Retrenchment has never solved any organization’s problems in this part of the world. Even in a turnaround exercise, it is an area handled with extreme care. It is good to learn from what happened to others. Some organizations have retrenched twice in eighteen months, and on the third attempt, it was sold off at a giveaway. Some government agencies retrenched several times because each new chief executive saw it as the only solution to what he/she thought was the problem. And these organizations still almost went under, but for the intervention of government.

Recall that the carpenter whose only tool is a hammer treats every problem as a nail.

No problems, if your opinion is different from mine, you can reach me through my email-


Bernard Taiwo

I am Management strategist, Editor and Publisher.

Next Post


Sat Jun 27 , 2020
<div class="at-above-post addthis_tool" data-url=""></div>HOW TO MAKE CUSTOMERS COMFORTABLE (PART 2) Putting The Customer In Control You want to make your customers happy when they do business with you.  At least half of the reason people buy is that they have been put in a buying mood. You put them in a buying mood […]<!-- AddThis Advanced Settings above via filter on get_the_excerpt --><!-- AddThis Advanced Settings below via filter on get_the_excerpt --><!-- AddThis Advanced Settings generic via filter on get_the_excerpt --><!-- AddThis Share Buttons above via filter on get_the_excerpt --><!-- AddThis Share Buttons below via filter on get_the_excerpt --><div class="at-below-post addthis_tool" data-url=""></div><!-- AddThis Share Buttons generic via filter on get_the_excerpt --><!-- AddThis Related Posts below via filter on get_the_excerpt --><div class="at-below-post-recommended addthis_tool" ></div><!-- AddThis Related Posts generic via filter on get_the_excerpt -->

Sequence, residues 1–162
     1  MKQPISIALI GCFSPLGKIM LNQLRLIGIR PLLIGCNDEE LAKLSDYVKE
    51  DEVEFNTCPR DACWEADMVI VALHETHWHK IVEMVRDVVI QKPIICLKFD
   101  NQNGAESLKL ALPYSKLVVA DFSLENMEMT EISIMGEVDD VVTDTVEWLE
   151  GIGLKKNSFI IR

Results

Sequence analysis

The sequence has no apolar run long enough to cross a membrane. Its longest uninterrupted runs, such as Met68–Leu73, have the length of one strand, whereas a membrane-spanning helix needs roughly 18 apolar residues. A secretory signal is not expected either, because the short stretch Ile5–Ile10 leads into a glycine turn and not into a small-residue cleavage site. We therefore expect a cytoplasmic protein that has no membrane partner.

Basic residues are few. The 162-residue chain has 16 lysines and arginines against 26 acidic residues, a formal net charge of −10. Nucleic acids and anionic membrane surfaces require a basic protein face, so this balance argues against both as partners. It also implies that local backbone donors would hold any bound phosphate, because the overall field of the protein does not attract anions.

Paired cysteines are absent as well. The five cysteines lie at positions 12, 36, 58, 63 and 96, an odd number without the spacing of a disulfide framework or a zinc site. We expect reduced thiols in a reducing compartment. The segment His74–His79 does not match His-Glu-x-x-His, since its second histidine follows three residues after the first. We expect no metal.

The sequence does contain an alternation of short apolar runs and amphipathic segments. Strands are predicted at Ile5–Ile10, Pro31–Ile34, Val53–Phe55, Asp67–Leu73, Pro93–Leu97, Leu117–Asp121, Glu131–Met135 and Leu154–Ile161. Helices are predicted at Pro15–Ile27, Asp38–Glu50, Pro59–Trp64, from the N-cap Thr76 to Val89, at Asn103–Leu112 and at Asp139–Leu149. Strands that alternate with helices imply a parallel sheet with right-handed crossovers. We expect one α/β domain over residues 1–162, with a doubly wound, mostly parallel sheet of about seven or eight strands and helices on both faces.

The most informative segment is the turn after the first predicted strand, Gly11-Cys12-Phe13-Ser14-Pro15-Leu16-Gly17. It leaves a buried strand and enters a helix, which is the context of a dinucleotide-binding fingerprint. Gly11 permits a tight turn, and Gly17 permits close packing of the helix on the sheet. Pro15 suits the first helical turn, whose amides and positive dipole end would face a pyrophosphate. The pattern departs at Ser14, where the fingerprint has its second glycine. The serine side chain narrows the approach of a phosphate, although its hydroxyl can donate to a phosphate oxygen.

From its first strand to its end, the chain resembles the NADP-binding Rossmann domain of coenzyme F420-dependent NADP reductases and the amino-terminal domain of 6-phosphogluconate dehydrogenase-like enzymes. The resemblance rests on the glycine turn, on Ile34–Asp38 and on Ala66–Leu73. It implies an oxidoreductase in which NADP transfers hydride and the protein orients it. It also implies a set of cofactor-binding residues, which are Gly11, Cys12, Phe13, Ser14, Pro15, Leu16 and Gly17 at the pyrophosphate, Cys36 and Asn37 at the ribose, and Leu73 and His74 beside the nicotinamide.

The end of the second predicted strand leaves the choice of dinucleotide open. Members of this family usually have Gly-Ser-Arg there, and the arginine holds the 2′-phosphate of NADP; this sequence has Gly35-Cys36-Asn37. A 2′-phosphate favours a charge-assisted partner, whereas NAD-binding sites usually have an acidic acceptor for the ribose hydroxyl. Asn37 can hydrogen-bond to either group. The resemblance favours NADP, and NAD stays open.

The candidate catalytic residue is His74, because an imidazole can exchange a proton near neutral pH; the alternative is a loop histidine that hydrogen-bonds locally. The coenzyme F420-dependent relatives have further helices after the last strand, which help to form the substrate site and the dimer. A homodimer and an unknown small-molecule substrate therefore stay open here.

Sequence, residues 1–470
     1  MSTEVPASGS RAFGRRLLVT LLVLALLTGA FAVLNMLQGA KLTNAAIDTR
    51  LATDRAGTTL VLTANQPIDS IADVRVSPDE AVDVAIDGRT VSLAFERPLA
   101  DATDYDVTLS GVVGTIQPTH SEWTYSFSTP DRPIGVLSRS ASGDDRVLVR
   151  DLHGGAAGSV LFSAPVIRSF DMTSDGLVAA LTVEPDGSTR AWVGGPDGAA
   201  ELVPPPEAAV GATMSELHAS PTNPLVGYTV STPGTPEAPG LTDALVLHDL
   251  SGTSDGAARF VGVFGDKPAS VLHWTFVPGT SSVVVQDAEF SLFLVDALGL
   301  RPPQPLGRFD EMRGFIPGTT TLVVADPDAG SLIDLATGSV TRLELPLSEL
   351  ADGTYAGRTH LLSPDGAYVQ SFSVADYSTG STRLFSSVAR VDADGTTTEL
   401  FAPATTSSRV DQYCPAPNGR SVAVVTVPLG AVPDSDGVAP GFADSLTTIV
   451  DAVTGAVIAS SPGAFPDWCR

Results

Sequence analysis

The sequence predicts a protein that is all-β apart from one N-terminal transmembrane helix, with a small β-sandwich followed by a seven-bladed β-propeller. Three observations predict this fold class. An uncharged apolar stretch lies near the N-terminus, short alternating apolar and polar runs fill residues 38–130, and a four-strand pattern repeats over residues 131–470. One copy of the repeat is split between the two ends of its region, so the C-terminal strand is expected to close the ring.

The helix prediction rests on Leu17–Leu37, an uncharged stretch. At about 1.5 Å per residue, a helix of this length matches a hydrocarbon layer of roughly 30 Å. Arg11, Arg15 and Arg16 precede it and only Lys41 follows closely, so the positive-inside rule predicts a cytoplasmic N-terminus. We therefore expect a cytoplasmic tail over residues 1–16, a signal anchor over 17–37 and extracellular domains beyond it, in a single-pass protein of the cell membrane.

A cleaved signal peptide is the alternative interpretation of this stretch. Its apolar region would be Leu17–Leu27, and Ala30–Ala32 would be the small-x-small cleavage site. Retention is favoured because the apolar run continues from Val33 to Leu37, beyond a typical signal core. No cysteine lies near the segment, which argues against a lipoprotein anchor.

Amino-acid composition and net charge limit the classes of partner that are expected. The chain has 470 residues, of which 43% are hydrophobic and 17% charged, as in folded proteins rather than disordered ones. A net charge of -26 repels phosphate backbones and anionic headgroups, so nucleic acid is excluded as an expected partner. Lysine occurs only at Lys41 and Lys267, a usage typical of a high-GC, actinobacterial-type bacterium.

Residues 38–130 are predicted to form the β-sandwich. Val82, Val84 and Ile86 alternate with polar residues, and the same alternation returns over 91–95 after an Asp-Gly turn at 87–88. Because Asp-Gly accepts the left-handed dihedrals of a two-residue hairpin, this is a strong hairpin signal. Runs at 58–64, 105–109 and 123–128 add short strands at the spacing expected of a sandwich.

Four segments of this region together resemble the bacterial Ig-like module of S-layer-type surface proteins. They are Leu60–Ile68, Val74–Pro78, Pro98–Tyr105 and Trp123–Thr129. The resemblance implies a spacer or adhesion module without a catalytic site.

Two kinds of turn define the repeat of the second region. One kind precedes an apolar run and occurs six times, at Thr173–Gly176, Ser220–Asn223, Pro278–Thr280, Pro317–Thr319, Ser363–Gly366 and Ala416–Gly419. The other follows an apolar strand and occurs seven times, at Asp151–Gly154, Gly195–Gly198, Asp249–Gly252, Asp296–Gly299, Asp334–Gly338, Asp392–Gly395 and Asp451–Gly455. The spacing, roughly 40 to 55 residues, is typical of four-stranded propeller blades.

You May Like

Chief Editor

Johny Watshon

Lorem ipsum dolor sit amet, consectetur adipiscing elit, sed do eiusmod tempor incididunt ut labore et dolore magna aliqua. Ut enim ad minim veniam, quis nostrud exercitation ullamco laboris nisi ut aliquip ex ea commodo consequat. Duis aute irure dolor in reprehenderit in voluptate velit esse cillum dolore eu fugiat nulla pariatur

Quick Links

%d bloggers like this: